Many studies posit that the effects of IAP on health outcomes are worse for women and female children. First, women and female children are most likely responsible for household cooking. Therefore, the probability of exposure to the solid fuel for women and female children are systematically higher. Women and female children may have higher realized exposure to IAP than ambient measures suggest because they spend more time near the source of the exposure. In addition, women and female children spend more time indoors generally, which increases the duration and accumulation of their exposure to the IAP. Moreover, the vast majority of respiratory infections are treated at home where gender norms may lead to differential treatment and prioritization.

Despite these hypothesized differences, few studies systematically reported gender differences. Studies that have looked at gender differences often examine more severe health outcomes such as ARI/pneumonia, LTRI or mortality. The objective of our current study is to examine a) whether exposure to solid fuel is associated with a milder indicator of respiratory infections, having a fever, sore throat or cough during the 4 weeks prior to the survey collection, b)a broader age range than previous studies, including all children under age 18 and c) potential gender differences in detail.

Data

The data was obtained from the China Health and Nutrition Survey (CHNS), an international collaborative project by Carolina Population Center at the University of North Carolina at Chapel Hill and the National Institute for Nutrition and Health at the Chinese Center for Disease Control and Prevention. CHNS used a multistage random cluster process to draw a sample of panel households. Nine provinces were selected as the main sample frame. Within each province four counties (one low-income, two middle-income, and one high-income) and two cities (the capital city and a low-income city) were chosen. Next, within the four counties and two cities the primary sampling units (PSU) were selected. Twenty households were empaneled and surveyed within each PSU. Households that move were not followed unless they are in the survey PSU.

In each wave the entire survey was collected over a 7-day period.1 In this paper, we examined children under 18 in the 2004, 2006, 2009, and 2011 survey waves. Our sample included 1940 children under age 18 [15].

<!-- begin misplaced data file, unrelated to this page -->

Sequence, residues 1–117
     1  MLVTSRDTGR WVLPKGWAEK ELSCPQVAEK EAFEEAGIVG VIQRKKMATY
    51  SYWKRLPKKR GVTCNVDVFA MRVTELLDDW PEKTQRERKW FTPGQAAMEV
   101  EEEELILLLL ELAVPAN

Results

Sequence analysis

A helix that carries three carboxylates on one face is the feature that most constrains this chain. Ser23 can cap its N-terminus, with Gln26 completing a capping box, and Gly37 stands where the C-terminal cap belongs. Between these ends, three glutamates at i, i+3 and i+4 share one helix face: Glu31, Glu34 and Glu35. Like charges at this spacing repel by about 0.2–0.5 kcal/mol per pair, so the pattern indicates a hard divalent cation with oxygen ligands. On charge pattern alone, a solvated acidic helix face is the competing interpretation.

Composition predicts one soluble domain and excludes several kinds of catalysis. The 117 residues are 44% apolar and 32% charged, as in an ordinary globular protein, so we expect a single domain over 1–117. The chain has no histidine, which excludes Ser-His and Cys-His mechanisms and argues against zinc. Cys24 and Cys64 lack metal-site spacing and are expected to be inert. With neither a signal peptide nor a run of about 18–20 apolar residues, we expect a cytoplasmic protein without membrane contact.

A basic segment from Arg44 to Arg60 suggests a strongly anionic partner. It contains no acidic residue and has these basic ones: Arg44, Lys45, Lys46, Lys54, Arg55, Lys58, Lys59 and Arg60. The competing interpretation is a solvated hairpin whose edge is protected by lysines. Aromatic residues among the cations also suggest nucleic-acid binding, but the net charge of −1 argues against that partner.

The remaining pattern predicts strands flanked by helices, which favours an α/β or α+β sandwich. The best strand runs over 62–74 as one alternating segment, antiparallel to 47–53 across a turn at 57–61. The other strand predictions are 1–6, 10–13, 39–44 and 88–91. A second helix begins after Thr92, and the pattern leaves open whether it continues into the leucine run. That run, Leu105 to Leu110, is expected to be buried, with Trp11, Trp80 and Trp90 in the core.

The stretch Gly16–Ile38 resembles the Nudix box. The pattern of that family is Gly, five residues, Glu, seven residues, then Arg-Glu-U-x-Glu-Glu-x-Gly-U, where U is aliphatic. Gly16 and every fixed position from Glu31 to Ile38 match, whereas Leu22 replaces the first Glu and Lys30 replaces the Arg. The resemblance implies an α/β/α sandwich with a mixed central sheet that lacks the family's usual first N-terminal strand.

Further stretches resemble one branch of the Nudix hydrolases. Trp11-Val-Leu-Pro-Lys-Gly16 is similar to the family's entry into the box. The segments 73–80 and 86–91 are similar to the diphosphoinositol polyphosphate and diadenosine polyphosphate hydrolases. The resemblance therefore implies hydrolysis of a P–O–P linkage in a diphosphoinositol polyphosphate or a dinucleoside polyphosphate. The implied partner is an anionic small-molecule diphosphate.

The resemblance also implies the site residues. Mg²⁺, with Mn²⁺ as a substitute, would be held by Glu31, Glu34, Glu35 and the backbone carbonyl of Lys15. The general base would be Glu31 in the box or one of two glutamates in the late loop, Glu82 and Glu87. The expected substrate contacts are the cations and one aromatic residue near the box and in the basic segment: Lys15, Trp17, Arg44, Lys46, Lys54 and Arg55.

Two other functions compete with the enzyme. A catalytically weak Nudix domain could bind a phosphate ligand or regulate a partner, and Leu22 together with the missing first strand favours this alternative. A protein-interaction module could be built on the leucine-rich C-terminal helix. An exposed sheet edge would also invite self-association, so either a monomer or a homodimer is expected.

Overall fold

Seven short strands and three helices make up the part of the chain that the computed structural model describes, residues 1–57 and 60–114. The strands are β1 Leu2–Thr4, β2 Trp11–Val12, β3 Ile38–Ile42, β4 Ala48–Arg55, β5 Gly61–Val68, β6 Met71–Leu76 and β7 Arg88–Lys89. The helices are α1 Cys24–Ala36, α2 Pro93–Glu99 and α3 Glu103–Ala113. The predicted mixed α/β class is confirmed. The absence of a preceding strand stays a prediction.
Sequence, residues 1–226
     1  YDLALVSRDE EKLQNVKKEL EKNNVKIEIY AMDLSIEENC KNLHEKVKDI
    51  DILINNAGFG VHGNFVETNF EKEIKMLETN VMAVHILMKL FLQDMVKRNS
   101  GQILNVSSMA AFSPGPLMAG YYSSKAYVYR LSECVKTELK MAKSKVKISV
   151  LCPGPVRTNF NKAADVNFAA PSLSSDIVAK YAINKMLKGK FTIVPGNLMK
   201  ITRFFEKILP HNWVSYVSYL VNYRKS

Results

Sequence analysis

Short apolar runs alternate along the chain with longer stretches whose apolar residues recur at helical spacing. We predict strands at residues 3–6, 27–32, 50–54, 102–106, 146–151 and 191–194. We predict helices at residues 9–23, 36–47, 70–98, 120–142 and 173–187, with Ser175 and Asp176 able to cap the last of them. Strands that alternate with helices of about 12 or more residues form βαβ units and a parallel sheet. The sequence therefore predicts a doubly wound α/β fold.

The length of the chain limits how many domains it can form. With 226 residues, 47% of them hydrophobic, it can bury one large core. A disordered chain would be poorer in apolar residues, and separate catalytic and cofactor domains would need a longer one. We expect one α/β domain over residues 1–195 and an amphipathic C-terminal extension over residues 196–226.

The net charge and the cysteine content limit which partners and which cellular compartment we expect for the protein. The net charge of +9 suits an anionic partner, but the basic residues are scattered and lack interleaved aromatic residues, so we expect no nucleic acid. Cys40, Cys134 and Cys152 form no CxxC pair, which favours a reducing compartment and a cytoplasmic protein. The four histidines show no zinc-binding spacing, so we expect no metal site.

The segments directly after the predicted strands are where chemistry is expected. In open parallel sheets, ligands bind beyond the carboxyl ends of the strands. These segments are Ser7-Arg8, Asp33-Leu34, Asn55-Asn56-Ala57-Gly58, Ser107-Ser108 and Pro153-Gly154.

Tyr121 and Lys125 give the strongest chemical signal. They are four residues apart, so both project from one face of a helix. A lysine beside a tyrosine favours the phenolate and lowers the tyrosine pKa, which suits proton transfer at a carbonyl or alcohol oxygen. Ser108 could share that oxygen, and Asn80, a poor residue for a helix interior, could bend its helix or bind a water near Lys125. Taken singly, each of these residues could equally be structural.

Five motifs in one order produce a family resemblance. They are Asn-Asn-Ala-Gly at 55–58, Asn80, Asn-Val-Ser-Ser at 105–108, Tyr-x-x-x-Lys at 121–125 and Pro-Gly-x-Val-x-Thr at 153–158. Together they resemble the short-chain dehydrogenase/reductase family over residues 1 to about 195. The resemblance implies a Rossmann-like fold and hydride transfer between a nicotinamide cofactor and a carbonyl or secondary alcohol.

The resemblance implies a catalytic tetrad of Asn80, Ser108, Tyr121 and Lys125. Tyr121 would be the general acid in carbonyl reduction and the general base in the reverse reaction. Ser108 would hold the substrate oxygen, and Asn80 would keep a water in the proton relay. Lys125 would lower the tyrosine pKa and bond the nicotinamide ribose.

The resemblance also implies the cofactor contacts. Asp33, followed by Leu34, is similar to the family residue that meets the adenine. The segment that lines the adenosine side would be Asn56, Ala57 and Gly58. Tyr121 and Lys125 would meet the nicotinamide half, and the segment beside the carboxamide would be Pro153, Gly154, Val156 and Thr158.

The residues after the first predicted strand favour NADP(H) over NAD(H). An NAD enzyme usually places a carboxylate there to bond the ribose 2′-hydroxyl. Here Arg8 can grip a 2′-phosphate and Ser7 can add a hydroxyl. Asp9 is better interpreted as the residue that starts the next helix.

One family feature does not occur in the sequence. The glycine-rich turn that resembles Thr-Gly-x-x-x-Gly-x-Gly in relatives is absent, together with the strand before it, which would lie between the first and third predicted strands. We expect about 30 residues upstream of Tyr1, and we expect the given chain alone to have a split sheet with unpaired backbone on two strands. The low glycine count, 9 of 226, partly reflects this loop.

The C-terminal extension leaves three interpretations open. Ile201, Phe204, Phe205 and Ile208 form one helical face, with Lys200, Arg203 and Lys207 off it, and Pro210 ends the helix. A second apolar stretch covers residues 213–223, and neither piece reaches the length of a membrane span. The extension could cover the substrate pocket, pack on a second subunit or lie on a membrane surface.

Outcome variable

The outcome variable of interest was if the child had an acute respiratory infection in the past four weeks as measured by reporting fever, cough, or sore throat. In each survey wave, all children over the age of 10 were asked, “[Did you have any of these symptoms [fever, cough, or sore throat] during the past 4 weeks (including today)?]”. For children under 10, their parents responded to the same question on their behalf. If a child or parent affirmed having had a fever, cough, sore throat, then we designated the child as having had an acute respiratory infection.

Independent variables

The independent variables of interest were the presence of indoor air pollution from the use of solid fuel for cooking and indoor smoking. We created an indicator for household solid fuel use, “cook with solid fuel”, if the household used coal, wood, or charcoal for cooking. We followed the previous literature and considered the use of electricity, kerosene, liquefied or natural gas as clean cooking fuels [16]. In each survey year, the usage of solid fuel were asked again, which allowed us to capture and update any changes in solid fuel use in the household. Another major source of IAP is smoke from cigarettes. In each survey wave, all fathers were asked “[Have you ever smoked cigarettes?]”. Based on this question we created a variable of paternal smoking. We also explored maternal smoking, but there were very few cases in our sample, so we focused on fathers’ smoking behavior.

Methods

Our main analyses examined whether exposure to solid cooking fuels was associated with an acute respiratory infection. We estimated the association between exposure to the solid fuel and ARIs by using Conditional Fixed Effect Logistic Regression model. For each child, i, in community, c, in survey wave, t, we estimated the following equation:
$$\begin{array}{*{20}l} {}Y_{ict}&=Z\beta_{0}+\beta_{1}solid fuel_{ict}+\beta_{2}father smoke_{ict}+\beta_{3}X_{ict}\\ &\quad+t_{t}+a_{c}+u_{ict} \end{array} $$
(1)